Melancholy arises through the composition and recomposition of bodies: substances flowing, heating, and cooling within the somatic interior, limbs and extremities falling into attitudes or taking up postures, skin surfaces growing taut or slack, tiny expressive muscle systems arranging themselves into legible states of display. Over time and across culture, the smooth spectrum of bodily affect is territorialized into a striated...

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2. Three Hundred Years Out of Fashion

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pp. 67-91

Love’s Labour’s Lost has irritated playgoers for centuries. Coming to grips with this slippery, curious play in his Remarks on the Plays of Shakespear (1710), Charles Gildon first pulls, then throws, his punch: “[ . . . ] [S]ince it is one of the worst of Shakespear’s Plays, nay I think I may say the very worst, I cannot but think that it is his first, notwithstanding those Arguments,...

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3. Let Me Have Judgment, and the Jew His Will

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pp. 92-119

Foreclosing knowledge from its first line, The Merchant of Venice may begin but it does not quite open. We start out startled, at impasse, greeted by this concession of defeat:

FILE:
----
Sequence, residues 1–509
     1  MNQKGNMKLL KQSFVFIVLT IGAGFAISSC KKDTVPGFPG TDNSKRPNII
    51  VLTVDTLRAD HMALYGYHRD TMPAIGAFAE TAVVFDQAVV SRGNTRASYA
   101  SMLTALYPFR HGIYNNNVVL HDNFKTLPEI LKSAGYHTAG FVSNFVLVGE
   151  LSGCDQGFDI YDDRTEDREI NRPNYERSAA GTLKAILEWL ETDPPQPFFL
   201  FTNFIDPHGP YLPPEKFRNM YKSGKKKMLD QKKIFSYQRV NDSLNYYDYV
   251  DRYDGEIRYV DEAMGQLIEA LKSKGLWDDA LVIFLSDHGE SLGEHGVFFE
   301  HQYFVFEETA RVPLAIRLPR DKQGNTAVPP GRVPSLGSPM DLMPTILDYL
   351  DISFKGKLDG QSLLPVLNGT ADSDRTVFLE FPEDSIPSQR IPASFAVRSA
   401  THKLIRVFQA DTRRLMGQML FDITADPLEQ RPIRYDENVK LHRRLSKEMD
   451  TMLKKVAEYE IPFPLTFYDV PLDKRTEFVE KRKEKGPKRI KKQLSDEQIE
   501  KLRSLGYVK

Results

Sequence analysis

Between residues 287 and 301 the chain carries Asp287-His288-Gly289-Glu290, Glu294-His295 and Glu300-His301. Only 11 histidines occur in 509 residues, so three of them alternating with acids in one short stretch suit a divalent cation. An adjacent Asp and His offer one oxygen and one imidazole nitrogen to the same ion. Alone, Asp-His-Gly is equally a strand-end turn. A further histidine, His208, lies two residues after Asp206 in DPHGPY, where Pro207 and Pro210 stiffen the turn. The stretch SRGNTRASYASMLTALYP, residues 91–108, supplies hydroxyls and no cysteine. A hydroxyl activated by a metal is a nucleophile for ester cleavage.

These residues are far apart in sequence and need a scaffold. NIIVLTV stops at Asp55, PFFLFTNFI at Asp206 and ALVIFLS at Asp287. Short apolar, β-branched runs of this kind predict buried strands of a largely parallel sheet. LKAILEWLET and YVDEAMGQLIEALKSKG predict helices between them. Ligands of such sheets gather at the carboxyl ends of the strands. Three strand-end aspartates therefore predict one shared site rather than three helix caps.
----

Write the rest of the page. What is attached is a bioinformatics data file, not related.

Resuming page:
ANTONIO: In sooth, I know not why I am so sad. It wearies me, you say it wearies you; ...

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4. That Within Which Passes Show

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pp. 120-154

In a farcical piece of stage business with a flute, Hamlet issues a famous rebuke to the courtier spies Rosencrantz and Guildenstern that applies equally to the spectators, readers, and critics who attempt to cash out the meaning of his melancholy: ...

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5. Rhapsodies of Rags

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pp. 155-199

Imagine a book. This book fixates upon a particular cultural phenomenon, one not entirely marginal but far from obvious as a suitable subject for its imposing size. The book drifts from its stated occasion, relentlessly, and uses the explanation of its ostensibly modest topic to digress at great length across the entirety of the surrounding world, pursued to its stoppages...